Meal prep is not something that should happen if you don’t trust yourself at meal times. I used to be terrified that if I didn’t have healthy food on hand I would fall into a bit of indulgent eating. The funny thing is, I only did because I had so many rules around food. I eat cookies and pizza and pasta and foods that bring me joy because I can, not because I can’t and my lack of rules around food means that more often than not I actually enjoy salads and soups and healthier brownies. I trust myself around food. If you don’t, please take some time away from meal prepping to reestablish healthier boundaries.
2. Find Inspiration
One of the biggest pieces of meal planning is finding inspiration for what to cook. My best tip: make this fun but not overcomplicated. Keep a list of recipes you love from blogs, cookbooks and friends. I keep a running list on my computer so when I start planning my grocery shop I can decide what meals I want to make. From there I’ll go through ingredients to see what I need to buy and what I already have.
3. Plan a flexible schedule
I always look at my schedule for the week ahead and see where I have plans and likely won’t be able to cook for meal time. These are my priorities. After saying no to so many social engagements because of my fear and rigidity around food, I will never say no to something because I want to stay home and cook. That being said, I’m usually at home at least 5 nights a week, not to mention breakfasts and lunches.
I generally estimate I’ll need at least 4-5 dinner recipes, 6 breakfasts and 5 lunches. Most lunches are leftovers from dinner the night before (if C doesn’t eat all of them!) and breakfast is really a cravings thing for me but I try to have ingredients for 1 sweet (i.e. a smoothie) and 1 savory breakfast option (i.e. avocado toast). Most dinners I turn to my inspiration list. I also aim for 1-2 snack recipes if we don’t have packaged stuff on hand.
So to recap, I’ll plan:
- 5 dinner recipes (usually doubled for lunch leftovers)
- 2 breakfast recipes
- 1-2 snacks
This will change week to week depending on my schedule. If I have more social engagements, am travelling etc…it may look different. Flexibility is KEY.
5. Prep food that won’t go bad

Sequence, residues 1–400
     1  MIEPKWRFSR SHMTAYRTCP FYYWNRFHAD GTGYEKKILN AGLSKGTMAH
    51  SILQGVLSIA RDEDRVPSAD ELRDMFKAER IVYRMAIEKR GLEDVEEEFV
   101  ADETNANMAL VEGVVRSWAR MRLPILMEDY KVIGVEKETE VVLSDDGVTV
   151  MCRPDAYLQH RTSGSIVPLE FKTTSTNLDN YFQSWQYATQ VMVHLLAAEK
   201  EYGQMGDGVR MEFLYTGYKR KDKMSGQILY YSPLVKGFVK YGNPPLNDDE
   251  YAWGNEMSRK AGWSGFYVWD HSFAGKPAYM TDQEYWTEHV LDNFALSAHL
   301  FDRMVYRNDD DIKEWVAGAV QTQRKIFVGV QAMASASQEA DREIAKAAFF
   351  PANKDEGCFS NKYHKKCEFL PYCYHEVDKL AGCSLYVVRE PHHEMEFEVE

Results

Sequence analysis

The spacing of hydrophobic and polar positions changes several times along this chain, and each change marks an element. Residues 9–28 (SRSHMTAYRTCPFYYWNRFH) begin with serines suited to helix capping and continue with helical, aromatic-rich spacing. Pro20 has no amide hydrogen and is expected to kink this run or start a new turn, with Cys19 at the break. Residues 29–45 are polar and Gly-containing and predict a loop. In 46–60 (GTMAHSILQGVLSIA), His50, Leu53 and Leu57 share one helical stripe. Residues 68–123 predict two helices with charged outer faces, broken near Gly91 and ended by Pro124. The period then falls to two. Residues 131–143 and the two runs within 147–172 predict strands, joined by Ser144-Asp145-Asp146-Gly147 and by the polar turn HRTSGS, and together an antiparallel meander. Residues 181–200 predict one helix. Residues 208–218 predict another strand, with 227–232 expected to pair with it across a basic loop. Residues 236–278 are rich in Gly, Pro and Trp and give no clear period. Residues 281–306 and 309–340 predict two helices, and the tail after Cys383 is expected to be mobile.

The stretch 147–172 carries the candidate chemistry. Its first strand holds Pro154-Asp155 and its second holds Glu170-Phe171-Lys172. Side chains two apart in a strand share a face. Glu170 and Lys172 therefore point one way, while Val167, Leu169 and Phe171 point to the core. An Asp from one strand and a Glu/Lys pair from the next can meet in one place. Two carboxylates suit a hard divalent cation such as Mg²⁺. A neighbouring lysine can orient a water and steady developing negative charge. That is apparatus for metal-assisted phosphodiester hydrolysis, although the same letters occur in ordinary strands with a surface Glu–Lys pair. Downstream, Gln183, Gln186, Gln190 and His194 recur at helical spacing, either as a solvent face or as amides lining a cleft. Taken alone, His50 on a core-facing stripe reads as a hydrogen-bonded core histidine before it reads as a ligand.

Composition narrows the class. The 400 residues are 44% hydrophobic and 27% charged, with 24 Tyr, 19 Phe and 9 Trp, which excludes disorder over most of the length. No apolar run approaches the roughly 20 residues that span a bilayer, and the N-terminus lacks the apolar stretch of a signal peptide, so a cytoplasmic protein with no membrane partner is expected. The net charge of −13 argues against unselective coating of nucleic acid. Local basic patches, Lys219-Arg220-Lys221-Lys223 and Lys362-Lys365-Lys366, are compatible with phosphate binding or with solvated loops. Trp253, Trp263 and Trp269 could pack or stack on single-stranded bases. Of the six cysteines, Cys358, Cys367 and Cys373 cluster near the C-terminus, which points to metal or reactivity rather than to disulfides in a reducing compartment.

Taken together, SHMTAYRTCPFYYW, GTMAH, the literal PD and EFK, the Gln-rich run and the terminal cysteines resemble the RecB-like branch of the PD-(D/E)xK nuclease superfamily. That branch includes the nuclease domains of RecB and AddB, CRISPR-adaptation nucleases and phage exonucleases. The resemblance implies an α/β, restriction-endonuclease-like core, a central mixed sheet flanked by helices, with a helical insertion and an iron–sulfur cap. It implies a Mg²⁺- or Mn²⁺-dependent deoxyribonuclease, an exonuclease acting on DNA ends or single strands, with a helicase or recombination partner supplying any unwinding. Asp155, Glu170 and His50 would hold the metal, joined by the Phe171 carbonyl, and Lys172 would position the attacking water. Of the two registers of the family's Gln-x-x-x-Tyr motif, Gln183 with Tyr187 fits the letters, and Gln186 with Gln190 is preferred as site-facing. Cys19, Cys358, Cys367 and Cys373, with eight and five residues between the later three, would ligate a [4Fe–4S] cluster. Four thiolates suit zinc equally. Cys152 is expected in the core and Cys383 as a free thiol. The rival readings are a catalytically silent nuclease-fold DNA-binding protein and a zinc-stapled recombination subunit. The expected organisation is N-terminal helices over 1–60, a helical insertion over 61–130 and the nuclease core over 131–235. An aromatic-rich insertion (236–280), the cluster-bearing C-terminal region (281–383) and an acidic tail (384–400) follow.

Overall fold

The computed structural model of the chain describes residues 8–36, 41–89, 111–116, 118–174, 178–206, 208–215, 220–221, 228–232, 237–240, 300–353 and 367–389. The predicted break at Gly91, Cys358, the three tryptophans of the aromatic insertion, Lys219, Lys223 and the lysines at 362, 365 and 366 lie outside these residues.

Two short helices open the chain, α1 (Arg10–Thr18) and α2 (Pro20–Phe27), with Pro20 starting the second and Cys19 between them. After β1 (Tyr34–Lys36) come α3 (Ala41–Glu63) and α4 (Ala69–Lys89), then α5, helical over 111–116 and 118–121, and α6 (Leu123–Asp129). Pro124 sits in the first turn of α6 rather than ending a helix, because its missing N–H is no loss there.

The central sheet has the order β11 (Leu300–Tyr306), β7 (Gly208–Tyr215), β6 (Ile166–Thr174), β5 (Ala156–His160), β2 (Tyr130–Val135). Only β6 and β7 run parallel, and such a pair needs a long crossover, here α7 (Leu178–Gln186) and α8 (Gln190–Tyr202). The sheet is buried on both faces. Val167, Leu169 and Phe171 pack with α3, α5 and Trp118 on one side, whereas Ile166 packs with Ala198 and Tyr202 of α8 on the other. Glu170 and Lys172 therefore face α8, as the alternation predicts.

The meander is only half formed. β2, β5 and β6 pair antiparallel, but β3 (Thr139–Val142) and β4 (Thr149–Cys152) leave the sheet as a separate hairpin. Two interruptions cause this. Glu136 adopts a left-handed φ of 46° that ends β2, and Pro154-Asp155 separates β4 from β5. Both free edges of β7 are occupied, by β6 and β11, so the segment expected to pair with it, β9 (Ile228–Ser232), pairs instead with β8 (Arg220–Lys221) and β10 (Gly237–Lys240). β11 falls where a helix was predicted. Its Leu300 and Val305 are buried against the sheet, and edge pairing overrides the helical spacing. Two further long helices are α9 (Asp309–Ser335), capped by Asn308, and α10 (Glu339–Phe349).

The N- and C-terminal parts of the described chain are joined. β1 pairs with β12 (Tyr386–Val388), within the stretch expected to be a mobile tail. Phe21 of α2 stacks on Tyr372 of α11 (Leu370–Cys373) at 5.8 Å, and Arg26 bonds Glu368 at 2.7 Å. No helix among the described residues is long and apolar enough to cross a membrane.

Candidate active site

One of the biggest realizations I had after my come to jesus meal prepping moment (lol) was that I’d often say no to plans because I already had food prepped that I didn’t want to go bad. I believe there are a multitude of reasons to say no to plans (I have big-time JOMO so this has never been an issue for me) but saying no because you already have sweet potatoes roasted is not a good excuse. The thing I’ve learned about intuitive meal prep is that the planning piece is more important than the prepping piece. I no longer spend my Sundays trying to precook all my food. Here’s what it looks like instead:
- Start with a list of meals you know you’ll be home for (yes this can change but estimate)
- Get inspiration for these meals
- Make your grocery list (I order what I can from Imperfect Foods and fill out the rest with a grocery shop)
- Precook or make things that will LAST – usually this means most of my snacks which won’t go bad after a couple of days
I don’t pre chop my veggies or precook proteins. Doing this infers I don’t have trust in my body that I will make choices intuitively based on how I’m feeling and/or prevents me from being flexible with my schedule if plans change.
*I understand that people have kids and families or unpredictable work schedules. My recommendation for this would be to make meals that you can freeze. That way your food won’t go bad and meal times don’t have to be stressful.
6. Assess how it’s working
Don’t take your meal prep as a given or write it off as impossible. Our lives and priorities are ever changing. I’ve been a rigid meal prepper and a vehement anti meal prep evangelist. Finding intuitive meal prep has been a journey for me and one that will change throughout my lifetime. If you’ve been meal prepping for years and find yourself burnt-out, uninspired and/or inflexible, maybe it’s time for a break. If you love flexibility and fun with food but find meal time overwhelming and stressful, play around with a little bit of planning.
And as always, come back to your why. Intention is everything when it comes to our choices to make sure you’re still connecting with yours.
As always, open to hearing your suggestions or anything I missed. Feel free to drop your best intuitive meal prep tips below.
Like this post? Here are some other healthy living posts you might enjoy:
- 7 Signs of Exercise Addiction
- How to Find a Therapist that works for you
- What is Emotional Freedom Technique (EFT)?
- The Benefit of Positive Affirmations